Pop culture obsessives writing for the pop culture obsessed.
Pop culture obsessives writing for the pop culture obsessed.

MTV's Scream series involves YouTube videos, bi-curious teens

Image for article titled MTV's Scream series involves YouTube videos, bi-curious teens

Do you like scary movies, whose legacy is diluted first through numerous sequels and then a basic-cable MTV series that features plots involving YouTube and teenage bisexuality? Then the network invites you to turn on the light and gaze upon the duct-taped and disemboweled Scream, the pilot for which is now moving forward after years of development. As TV Line reports, Ravenswood writer Jill Blotevogel has penned a script that “kicks off with a YouTube video going viral” that somehow results in murder. This seems a rather extreme reaction to that clip of The Lion King cast singing on an airplane, but still understandable.


Said murder will have serious repercussions for the show’s fictional town, but especially for its main character, Audrey, the “bi-curious daughter of a Lutheran pastor” who’s described as “more arresting-looking than pretty,” an “artsy loner,” and, finally, a wannabe filmmaker. Presumably her ambitions are inspired by her and her friends’ lives as pastiches of teen movie archetypes.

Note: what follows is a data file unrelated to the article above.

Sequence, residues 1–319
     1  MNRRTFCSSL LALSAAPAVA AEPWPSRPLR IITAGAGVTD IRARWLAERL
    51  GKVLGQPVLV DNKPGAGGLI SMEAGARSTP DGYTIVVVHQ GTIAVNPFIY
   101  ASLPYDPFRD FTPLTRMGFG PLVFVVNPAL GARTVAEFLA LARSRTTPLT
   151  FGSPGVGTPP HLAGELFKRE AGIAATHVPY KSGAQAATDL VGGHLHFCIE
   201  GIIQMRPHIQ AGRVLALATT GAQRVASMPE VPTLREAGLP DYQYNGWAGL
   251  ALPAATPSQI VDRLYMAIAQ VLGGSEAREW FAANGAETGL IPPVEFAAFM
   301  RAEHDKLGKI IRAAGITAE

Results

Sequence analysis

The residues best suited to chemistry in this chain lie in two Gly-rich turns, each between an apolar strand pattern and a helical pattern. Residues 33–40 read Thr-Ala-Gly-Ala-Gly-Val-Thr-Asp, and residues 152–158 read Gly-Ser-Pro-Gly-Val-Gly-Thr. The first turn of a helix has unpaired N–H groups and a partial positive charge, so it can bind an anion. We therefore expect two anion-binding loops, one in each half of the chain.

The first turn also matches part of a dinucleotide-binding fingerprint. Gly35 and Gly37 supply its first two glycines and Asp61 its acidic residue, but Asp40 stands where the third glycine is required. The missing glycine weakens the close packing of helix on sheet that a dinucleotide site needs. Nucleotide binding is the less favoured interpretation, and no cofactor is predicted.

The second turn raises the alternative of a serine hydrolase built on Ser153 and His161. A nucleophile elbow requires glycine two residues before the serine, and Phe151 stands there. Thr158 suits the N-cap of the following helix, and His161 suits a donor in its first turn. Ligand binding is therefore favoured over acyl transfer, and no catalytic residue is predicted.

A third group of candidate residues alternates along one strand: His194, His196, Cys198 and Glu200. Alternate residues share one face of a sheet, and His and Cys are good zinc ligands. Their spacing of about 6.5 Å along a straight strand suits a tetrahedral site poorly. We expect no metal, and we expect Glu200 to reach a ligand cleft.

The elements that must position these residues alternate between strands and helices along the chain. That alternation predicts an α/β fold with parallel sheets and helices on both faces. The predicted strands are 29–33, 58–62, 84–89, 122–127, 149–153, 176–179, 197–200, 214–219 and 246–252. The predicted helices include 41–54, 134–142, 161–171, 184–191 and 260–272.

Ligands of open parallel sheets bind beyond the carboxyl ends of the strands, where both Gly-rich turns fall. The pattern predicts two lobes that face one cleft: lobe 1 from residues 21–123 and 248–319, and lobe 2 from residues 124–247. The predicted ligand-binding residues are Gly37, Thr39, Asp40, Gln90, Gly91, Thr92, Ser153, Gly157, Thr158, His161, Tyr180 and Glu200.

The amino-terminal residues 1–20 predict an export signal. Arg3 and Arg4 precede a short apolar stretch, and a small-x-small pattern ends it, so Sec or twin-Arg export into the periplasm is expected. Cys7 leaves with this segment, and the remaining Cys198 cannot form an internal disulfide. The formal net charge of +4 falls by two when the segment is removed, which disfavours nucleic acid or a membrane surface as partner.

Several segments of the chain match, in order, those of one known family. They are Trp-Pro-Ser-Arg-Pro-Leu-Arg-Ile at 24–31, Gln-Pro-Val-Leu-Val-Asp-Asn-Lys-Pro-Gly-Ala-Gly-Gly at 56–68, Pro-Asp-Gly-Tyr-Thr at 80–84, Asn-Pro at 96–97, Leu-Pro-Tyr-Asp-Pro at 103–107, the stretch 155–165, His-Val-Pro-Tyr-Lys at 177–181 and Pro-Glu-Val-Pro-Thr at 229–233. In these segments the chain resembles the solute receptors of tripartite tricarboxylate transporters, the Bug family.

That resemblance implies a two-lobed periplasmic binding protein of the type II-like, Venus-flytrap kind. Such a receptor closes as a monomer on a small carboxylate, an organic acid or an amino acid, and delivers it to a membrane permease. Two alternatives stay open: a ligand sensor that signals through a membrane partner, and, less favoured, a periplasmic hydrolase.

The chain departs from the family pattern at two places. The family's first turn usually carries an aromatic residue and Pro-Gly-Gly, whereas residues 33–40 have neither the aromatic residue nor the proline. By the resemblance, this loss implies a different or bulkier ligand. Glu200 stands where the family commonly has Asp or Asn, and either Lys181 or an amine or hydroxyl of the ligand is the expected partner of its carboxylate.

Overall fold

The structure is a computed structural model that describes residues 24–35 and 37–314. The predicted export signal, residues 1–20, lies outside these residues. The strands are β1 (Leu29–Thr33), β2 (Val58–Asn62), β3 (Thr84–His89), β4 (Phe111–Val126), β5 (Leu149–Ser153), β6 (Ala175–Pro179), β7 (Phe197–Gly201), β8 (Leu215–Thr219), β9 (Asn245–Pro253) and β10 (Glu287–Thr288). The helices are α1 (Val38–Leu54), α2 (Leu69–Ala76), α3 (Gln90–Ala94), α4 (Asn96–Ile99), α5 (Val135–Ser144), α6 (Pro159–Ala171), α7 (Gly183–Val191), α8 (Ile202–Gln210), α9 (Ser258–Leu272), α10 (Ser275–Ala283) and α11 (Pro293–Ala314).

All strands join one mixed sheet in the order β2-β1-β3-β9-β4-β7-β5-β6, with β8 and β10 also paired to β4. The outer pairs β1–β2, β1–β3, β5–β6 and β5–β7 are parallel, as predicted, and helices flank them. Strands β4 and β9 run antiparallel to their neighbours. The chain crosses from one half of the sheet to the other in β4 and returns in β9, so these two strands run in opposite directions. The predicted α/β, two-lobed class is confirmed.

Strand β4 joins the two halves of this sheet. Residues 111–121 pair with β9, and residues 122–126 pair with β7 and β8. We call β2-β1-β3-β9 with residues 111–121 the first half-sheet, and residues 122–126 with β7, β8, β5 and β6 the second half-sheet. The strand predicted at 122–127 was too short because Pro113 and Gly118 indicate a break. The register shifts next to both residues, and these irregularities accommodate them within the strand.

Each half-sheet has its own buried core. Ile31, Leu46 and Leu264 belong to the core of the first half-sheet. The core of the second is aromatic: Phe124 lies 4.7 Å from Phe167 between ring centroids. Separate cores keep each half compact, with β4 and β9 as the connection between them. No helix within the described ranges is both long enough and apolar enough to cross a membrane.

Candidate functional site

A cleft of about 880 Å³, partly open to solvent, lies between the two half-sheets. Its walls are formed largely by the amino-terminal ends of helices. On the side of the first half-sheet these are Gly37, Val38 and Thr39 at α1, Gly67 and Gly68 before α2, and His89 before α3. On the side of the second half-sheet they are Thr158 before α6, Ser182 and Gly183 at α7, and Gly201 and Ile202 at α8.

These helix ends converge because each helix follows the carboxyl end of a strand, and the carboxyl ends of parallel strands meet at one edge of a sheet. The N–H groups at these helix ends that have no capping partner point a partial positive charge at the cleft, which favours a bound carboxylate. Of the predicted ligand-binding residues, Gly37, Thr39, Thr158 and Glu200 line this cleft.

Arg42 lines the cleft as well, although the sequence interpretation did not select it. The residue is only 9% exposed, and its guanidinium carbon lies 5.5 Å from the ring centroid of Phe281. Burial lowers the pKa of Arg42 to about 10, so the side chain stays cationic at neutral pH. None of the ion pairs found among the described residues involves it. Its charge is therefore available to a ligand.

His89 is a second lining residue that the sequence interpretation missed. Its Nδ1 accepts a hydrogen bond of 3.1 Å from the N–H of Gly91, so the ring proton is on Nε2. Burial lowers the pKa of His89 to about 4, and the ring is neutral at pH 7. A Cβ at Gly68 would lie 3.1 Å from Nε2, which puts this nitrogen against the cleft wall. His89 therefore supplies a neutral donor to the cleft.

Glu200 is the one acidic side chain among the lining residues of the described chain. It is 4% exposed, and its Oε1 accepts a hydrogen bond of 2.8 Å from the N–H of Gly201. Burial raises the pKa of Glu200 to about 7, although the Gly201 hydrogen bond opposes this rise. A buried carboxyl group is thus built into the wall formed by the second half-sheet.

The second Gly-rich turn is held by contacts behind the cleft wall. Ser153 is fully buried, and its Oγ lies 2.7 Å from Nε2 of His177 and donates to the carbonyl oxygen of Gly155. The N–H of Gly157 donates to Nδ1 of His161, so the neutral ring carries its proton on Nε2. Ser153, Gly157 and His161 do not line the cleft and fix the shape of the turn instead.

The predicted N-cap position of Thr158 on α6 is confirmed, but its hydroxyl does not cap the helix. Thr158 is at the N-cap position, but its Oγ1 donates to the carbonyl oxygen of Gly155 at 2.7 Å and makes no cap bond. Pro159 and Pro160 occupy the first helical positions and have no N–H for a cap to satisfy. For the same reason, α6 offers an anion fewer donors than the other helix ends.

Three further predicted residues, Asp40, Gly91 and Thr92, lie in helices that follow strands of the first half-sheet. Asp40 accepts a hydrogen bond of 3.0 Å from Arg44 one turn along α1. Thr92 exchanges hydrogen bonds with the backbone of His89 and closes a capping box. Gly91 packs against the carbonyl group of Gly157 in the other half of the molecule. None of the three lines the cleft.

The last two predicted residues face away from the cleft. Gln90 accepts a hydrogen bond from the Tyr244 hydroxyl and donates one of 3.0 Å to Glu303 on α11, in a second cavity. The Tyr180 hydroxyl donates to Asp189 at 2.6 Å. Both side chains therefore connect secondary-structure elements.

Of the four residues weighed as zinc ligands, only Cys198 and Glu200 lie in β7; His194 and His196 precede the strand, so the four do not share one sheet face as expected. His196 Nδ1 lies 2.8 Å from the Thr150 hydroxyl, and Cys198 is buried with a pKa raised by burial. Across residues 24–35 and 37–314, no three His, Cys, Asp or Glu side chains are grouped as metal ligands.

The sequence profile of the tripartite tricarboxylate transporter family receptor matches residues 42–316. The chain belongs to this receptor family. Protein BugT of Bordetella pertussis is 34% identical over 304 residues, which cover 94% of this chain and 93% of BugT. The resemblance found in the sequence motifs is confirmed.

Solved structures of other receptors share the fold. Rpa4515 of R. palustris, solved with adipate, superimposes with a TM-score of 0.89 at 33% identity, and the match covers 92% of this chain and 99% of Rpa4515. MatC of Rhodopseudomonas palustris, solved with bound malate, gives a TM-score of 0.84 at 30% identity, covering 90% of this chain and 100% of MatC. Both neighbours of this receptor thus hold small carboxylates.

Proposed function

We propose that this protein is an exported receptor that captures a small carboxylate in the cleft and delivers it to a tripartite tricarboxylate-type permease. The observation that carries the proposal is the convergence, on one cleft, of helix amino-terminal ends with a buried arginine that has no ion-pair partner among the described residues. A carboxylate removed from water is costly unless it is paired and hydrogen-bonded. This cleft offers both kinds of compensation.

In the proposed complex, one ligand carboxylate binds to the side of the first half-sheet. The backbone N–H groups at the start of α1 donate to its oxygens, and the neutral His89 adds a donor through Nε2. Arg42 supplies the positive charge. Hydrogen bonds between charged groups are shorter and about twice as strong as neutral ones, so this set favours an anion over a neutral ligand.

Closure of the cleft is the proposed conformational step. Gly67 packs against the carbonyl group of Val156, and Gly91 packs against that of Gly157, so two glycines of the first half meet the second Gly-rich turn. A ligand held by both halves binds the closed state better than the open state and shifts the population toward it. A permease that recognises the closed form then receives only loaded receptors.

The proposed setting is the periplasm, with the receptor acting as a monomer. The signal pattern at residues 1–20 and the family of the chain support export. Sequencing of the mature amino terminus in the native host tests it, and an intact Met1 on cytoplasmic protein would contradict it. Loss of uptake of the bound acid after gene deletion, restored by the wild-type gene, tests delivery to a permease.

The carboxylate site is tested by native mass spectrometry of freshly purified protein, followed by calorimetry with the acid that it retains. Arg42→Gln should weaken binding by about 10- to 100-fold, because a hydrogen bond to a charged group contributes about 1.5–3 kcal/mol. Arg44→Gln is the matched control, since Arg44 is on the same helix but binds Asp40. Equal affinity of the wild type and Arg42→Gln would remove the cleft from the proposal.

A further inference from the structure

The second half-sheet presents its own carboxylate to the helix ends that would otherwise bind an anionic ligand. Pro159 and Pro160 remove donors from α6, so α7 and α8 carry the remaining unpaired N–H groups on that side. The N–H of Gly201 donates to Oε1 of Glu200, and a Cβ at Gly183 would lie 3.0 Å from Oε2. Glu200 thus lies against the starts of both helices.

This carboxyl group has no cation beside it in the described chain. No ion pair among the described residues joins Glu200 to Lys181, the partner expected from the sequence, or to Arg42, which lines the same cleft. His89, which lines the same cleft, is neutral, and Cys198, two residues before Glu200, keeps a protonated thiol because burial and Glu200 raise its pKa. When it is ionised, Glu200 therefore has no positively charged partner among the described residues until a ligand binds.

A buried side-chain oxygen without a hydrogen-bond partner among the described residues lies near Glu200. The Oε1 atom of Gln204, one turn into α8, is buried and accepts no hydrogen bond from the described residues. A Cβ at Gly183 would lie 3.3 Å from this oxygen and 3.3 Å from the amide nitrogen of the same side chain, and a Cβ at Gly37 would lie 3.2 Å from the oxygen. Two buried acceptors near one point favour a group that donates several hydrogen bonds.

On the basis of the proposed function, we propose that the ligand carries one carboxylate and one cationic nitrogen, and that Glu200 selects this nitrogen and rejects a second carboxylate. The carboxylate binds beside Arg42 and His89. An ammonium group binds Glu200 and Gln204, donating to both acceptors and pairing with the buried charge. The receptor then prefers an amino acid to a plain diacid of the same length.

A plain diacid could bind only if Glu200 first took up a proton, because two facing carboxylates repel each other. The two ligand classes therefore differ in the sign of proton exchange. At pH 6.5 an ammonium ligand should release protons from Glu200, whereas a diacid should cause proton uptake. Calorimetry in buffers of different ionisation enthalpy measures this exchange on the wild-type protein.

Those friends include her best pal Noah, a brilliant tech geek who is both “the next Steve Jobs” and “John Cusack in his teen prime” and boasts an “encyclopedic knowledge” of pop culture; and her former best pal, beautiful popular girl Harper, who is nevertheless “introverted and intellectual,” but enjoys a “Gilmore Girls-esque relationship” with her mom, Maggie. Maggie is herself “a grown-up science geek who plays down her beauty” and who also harbors a “dark secret from her past,” the revelation of which will at last give her character the necessary fourth colorful descriptor.

According to Bloody Disgusting, the Scream TV show has dropped the “supernatural” angle that was rumored last year, and will instead, like the movies, focus on the “rules” of slasher films. This will make the show about YouTube-inspired murders and artsy, bicurious preacher’s daughters more grounded in terrifying realism.